Safety equipment: It’s what’s up top that counts
It was a sunny, warm afternoon when Benny Chi Pang Chow, of Berkeley, Calif., skied the last trail of his life.
Chow, who was vacationing with friends, was skiing alone Sunday when he crashed into a tree on the slopes of Northstar-at-Tahoe.
After performing CPR for more than an hour, ski patrol pronounced the 45-year-old man dead at 1:45 p.m. A coroner’s report, due to be released midweek, should clarify the cause of death. Since there were no witnesses, no one will ever know the details of how Chow lost control on a day when conditions were clear and the slopes newly groomed.
Chow’s death corresponds rather eerily with the release of a study by the Consumer Product Safety Commission recommending that skiers and snowboarders wear helmets to reduce injuries and save lives.
The study, released Friday, concludes that helmets used by skiers and snowboarders could prevent or reduce the severity of 44 percent of head injuries to adults and 53 percent of head injuries to children under age 15.
“The cause of death has not yet been released. But no, he was not wearing a helmet,” said Erin Bernall, communications manager at Northstar, referring to Chang.
The CPSC study estimates that 7,700 injuries – including 2,600 head injuries to children – could be prevented or reduced in severity each year with the use of snowboarding and skiing helmets. There were 17,500 head injuries associated with skiing and snowboarding in 1997.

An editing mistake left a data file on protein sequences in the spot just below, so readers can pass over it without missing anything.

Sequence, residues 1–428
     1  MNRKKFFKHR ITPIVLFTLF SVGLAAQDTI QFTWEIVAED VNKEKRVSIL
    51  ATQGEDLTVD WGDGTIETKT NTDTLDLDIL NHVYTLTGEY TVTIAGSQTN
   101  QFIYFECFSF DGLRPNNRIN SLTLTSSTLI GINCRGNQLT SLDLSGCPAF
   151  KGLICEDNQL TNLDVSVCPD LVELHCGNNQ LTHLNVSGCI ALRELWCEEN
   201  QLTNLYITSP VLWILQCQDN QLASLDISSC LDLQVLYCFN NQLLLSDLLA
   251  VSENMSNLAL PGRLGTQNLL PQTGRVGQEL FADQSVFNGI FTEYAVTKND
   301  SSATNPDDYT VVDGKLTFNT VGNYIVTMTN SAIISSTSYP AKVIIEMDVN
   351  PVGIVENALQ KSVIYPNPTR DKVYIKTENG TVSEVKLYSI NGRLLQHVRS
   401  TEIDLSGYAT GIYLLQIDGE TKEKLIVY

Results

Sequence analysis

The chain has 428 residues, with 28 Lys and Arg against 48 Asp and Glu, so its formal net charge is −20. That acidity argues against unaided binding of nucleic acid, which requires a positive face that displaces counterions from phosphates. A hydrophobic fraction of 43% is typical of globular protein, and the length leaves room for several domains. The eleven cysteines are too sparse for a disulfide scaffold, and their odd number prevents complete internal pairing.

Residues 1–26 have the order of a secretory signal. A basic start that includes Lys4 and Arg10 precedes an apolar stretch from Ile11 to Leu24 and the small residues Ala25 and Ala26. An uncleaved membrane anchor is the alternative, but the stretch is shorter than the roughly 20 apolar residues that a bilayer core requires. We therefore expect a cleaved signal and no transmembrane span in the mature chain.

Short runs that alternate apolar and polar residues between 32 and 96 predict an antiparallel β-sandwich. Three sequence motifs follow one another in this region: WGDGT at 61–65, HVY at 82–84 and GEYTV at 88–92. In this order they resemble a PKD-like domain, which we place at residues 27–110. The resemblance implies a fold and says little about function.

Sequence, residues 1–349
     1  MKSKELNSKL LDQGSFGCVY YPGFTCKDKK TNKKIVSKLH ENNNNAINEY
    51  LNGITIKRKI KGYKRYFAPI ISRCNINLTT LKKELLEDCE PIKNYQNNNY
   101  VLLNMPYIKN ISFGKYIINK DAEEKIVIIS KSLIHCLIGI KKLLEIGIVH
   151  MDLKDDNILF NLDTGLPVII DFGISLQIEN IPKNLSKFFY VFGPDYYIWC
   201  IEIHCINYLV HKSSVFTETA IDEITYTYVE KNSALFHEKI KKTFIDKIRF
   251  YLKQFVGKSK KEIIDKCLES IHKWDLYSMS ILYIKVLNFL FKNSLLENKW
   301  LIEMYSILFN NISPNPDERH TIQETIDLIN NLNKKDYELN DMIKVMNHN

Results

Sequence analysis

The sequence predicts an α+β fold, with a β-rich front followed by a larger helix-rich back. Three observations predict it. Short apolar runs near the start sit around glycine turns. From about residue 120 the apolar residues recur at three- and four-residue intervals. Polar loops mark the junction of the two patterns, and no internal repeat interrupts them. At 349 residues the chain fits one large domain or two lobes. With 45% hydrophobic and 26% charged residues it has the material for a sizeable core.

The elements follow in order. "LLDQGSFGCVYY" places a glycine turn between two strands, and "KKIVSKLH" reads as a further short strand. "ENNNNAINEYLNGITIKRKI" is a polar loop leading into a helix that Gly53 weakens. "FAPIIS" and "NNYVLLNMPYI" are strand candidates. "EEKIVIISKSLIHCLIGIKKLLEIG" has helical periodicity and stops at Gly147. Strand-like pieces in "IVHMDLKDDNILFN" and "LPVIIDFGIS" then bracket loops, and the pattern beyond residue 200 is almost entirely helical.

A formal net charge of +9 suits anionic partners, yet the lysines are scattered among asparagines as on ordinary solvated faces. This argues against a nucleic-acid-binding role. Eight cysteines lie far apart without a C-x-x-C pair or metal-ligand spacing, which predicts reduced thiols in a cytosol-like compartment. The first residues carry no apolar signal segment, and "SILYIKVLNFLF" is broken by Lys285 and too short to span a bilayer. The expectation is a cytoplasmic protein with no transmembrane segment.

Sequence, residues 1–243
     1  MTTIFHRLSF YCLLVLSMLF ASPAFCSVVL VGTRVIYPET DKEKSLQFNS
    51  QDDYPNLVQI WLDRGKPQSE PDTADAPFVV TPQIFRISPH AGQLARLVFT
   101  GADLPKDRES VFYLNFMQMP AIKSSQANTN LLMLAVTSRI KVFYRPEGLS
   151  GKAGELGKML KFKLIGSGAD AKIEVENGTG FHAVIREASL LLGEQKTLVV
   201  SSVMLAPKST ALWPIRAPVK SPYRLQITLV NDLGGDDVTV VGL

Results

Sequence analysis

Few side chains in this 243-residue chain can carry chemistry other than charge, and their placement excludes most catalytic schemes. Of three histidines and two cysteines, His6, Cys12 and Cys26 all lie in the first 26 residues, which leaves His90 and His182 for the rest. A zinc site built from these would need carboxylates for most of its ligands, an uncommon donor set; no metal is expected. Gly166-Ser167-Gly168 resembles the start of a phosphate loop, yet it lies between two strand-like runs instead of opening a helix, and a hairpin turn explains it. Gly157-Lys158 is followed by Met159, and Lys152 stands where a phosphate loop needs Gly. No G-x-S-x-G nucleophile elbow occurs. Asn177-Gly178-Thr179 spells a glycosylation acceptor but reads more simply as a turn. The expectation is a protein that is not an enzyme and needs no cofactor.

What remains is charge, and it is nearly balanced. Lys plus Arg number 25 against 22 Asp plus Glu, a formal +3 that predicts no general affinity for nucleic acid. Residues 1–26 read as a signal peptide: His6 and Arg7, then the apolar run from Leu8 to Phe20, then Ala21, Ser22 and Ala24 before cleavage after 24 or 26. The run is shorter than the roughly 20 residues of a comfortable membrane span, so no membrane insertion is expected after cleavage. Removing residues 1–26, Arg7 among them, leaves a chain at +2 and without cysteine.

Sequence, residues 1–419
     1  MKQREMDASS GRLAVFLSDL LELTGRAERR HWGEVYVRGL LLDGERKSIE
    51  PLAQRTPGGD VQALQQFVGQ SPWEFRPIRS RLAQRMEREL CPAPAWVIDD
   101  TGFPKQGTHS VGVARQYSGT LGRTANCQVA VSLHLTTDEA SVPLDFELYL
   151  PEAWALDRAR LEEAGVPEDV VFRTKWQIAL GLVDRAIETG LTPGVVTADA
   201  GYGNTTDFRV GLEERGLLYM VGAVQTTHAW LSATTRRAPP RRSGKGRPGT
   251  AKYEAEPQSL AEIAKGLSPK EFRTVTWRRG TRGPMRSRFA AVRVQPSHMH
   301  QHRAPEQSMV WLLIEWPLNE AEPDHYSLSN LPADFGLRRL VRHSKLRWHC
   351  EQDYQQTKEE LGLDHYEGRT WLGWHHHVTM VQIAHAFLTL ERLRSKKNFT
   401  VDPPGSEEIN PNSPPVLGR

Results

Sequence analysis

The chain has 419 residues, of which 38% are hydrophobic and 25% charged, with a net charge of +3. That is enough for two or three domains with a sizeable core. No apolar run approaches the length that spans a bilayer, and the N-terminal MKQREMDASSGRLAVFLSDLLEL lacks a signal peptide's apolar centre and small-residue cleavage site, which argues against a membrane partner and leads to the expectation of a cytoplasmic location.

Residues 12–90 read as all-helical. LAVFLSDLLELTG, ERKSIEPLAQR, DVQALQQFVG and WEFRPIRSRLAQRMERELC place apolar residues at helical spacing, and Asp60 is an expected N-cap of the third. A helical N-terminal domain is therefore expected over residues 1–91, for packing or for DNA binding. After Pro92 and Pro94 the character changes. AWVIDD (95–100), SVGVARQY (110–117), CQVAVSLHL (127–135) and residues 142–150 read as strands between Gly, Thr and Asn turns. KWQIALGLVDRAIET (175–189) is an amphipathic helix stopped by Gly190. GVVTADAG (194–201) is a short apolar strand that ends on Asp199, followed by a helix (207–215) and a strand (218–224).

Helmet use could also prevent about 11 of the 24 deaths from skiing and snowboarding each year, the commission found. Nevertheless, experts say helmets are not a substitute for responsible skiing and riding.
“The decision to wear a helmet is a matter of personal choice,” Bernall said. “We view helmets as a safety precaution, but the No. 1 thing we tell people is that they need to ski and board in control and within the parameters of their own ability levels.”
Snowboarding injuries nearly tripled and head injuries caused by snowboarding increased fivefold in the past few years. These sobering numbers will hopefully be addressed by recent efforts requiring snowboard and ski team members to wear helmets during practice and competition.
“Everyone wears them on the team,” said Brady Gunsch, Sierra Educational Foundation snowboard coach, during a practice session at the half-pipe at Sierra-at-Tahoe. “It’s the cool thing in middle school. It’s the older ones – the ones who’ve been doing it for a long time – who have a hard time wearing them.”
Although very few skiers and snowboarders wear helmets, more people are opting for the headgear, partly because of last year’s deaths of Sonny Bono and Michael Kennedy.
“I bought a helmet mainly because they got killed,” said Phil Campbell of San Diego. “I’m a senior skier but I do trees sometimes, and I like speed, so I thought it couldn’t hurt to buy one.”
Most ski and snowboard equipment stores sell helmets which cost between $30 and $150. Area resorts rent them out for about $5 a day.
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